Mulaka is a third-person adventure title set in northern Mexico as you play as one of the Tarahumara, one of the indigenous people of the region. There is also much to be said about the influences on this game, with Okami coming to mind for its beautiful presentation. The presentation, as well as the mythology of the Rarámuri, as these people are known as, is well represented within the game, and provides a good look at a culture that we don’t see often in games.
Playing as a Sukurúame shaman, you must fight back against the darkness that is corrupting the land. With the help of the demi-god shrines littered around the land, you must prove you are worthy of them to help push back the darkness. What works here is how foreign the culture is, but what I enjoyed is the way Lienzo took their history and made it into a playable medium that doesn’t alienate me, but instead provides a fun way to digest the history.
The supporting cast offers nothing of note and acts more as narrative devices to push the story forward, but that isn’t to say they didn’t provide anything of use, they are some genuinely funny moments found in the interactions of the people here.
Gameplay is a mixture of combat and puzzle solving involving the environments. The starting area in the desert is simple but as the game shifts regions, combat gets more interesting by adding shapeshifting abilities to your arsenal but also new ways to devastate enemies. The problem is the controls when fighting enemies is clunky and hard to enjoy, leaving much to be desired here. Puzzles as well, while nothing explicitly hard, are basic puzzle solving that break up the gameplay sections nicely.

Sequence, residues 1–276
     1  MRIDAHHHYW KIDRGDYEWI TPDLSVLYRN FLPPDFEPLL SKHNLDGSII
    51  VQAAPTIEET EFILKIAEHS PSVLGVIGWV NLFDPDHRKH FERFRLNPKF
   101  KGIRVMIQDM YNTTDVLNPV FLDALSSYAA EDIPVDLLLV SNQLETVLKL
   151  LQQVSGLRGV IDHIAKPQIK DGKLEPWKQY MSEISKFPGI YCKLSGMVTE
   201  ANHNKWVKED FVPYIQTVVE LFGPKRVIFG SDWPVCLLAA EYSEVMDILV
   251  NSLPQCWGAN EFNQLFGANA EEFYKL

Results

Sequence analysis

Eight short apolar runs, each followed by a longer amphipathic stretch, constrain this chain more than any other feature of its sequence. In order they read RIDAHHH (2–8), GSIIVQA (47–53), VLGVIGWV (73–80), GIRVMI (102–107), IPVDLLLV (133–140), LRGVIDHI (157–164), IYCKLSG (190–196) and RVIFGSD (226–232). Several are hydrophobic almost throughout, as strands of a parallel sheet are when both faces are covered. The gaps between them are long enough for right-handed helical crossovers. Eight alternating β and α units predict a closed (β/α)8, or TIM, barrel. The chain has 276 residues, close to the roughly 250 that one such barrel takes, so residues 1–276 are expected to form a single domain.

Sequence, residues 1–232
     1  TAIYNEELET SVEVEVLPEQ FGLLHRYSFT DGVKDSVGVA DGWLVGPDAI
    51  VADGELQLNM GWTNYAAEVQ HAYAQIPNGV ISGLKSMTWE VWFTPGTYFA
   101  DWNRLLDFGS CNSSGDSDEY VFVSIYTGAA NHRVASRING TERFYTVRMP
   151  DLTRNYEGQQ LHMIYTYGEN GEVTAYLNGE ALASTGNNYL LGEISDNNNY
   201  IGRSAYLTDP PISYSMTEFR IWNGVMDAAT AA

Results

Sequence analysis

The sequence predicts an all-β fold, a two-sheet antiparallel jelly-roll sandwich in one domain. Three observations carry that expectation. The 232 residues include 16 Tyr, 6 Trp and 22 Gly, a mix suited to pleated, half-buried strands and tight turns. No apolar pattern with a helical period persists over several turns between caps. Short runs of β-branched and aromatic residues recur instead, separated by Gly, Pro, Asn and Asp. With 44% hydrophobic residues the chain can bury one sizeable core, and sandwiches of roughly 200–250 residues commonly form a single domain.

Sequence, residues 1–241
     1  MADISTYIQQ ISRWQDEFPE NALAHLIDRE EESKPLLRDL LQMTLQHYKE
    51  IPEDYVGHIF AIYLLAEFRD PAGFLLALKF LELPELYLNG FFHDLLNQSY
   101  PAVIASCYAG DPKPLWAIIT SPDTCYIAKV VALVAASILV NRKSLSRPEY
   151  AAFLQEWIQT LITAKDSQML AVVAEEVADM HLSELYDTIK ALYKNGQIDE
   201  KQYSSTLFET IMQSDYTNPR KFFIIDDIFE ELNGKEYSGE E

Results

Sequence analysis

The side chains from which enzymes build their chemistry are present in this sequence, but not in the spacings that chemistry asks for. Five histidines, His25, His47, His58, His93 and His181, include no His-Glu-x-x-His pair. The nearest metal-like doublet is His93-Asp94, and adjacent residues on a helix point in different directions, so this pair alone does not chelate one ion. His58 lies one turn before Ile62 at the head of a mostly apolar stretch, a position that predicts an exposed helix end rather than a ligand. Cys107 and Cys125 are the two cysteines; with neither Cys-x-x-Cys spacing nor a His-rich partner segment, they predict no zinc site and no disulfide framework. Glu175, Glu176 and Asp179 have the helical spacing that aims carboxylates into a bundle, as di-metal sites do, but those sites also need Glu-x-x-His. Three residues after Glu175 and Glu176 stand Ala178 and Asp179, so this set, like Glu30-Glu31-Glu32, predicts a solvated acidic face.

Enemy encounters are based on existing descriptions found within the culture. Many of the enemies found in Mulaka have their own attack patterns and weaknesses you’ll need to exploit to survive and defeating them is satisfying when you learn how to defeat them.
Boss encounters are great and build up over time with the later stages culminating in some of the more memorable moments found in Mulaka. Each of unlocks a new ability to use that adds another layer to the game.
My playthrough wasn’t without bugs that offset the enjoyment of exploring Mexico. In some instances, I’d fall after missing a jump and would end up getting stuck in place, and the only way to get out of it would be to reload my save from a previous point. There is also a handful of serious bugs that were discovered and Lienzo was made aware of these issues, at the time of this publishing, we know that the studio is working on squashing all those bugs to provide a sound experience.
There’s also a wonderful design aesthetic found here, and much like Okami utilizes Japanese art to its strengths, as does Lienzo with Mulaka’s designs as well as music. The presentation is top notch and each region is beautiful in its own way, the low-poly design paints a unique picture as modern art meshes with the culture of Mexico.
Mulaka travels to a corner of the world we so rarely get to see today, and the bold move to do that is commendable in an industry that banks on sequels more than anything. Lienzo took a risk with their game but it paid off I’d say and it even taught me about a group of people I didn’t know existed up until I came across the press release. There are some good ideas here and gorgeous visuals, but the combat feels messy and detracts from the experience and the message of the game.